She is naturally quiet and good-minded. She's had good handling but not consistent-- lots of time hanging out in fields with other babies. I figured it'd take awhile to get things rolling but after about 2 weeks someone (cough, cough meupatdoes) was up on her and now she's had about 5 rides and is trotting on the rail, longing easily with voice commands, and is essentially a joy to be around.
People are already starting to change their opinions of her and I can't wait till we are showing next summer and I can say "neener neener neener" to all the folks who thought I was nuts and she was a gamble not worth taking.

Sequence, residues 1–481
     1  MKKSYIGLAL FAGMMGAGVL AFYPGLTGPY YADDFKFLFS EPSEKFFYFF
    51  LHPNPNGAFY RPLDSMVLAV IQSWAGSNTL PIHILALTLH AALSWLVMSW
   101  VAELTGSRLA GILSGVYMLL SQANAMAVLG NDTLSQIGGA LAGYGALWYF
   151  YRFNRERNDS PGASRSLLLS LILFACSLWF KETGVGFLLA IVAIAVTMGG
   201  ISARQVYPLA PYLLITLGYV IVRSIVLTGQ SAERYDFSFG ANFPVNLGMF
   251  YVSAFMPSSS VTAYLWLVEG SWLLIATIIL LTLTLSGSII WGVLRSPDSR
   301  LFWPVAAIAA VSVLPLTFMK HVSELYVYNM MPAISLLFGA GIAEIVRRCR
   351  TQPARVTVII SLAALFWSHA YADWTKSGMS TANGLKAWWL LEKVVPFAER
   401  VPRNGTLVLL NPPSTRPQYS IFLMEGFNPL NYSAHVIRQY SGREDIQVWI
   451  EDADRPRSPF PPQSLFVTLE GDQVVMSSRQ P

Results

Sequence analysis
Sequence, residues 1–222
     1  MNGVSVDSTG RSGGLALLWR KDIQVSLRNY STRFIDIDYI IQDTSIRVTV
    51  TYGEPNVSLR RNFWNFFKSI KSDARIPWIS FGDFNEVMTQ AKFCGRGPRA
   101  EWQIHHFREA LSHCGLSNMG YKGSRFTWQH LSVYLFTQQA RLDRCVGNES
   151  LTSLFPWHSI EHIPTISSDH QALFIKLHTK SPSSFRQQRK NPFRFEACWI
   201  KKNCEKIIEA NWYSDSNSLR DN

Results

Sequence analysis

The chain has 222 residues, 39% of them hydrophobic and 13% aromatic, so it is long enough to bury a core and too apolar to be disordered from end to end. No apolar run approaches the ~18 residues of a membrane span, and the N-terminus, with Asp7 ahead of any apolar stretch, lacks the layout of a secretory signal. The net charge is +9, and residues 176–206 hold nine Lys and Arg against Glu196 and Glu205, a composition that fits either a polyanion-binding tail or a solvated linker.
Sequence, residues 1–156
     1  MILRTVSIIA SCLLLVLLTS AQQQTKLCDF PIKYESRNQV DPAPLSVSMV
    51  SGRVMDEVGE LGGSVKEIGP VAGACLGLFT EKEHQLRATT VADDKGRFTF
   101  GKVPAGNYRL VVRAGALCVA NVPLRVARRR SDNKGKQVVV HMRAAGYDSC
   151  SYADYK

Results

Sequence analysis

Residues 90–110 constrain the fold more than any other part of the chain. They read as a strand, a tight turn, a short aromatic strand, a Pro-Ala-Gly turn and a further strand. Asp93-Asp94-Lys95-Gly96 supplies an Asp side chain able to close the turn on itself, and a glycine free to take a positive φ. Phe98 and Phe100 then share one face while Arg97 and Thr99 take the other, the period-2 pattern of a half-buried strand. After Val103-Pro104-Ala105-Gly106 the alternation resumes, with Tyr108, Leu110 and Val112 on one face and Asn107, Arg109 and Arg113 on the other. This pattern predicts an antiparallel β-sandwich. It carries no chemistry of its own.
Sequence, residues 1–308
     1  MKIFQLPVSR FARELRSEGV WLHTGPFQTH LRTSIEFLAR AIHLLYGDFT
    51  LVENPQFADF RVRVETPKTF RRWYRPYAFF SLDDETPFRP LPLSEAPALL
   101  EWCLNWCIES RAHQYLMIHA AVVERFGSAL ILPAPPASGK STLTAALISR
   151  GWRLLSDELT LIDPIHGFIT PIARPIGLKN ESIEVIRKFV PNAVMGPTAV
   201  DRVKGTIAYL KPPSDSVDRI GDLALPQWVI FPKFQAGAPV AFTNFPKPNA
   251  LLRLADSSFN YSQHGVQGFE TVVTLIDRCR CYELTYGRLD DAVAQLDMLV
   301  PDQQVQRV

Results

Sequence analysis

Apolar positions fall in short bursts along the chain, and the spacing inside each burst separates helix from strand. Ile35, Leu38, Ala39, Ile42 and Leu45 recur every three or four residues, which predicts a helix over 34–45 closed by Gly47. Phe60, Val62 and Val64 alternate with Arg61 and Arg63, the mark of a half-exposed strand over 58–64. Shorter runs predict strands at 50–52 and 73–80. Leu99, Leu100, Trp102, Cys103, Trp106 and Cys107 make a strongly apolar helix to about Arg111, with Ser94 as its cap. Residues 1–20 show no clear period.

So anyway you are not alone.... and I think you will be fine. But be sure to post pics and keep us updated!!
We couldn't all be cowboys, so some of us are clowns.
I think you are taking exactly the right course of action in planning much more time than you may need for the ground work. Too often people do the opposite and end up pushing young horses beyond where their young minds are ready to go.
Particularly with a breed that is not bred for dressage, you're definitely going to benefit from lots of ground work prior to riding. I have worked with GV's in the past, numerous green ones and started one as well, and the canter is not their strong suit (much like other driving-bred horses). However lots of time on the longe on a large circle can work miracles in that area and will make teaching the canter MUCH easier than trying to do it under saddle.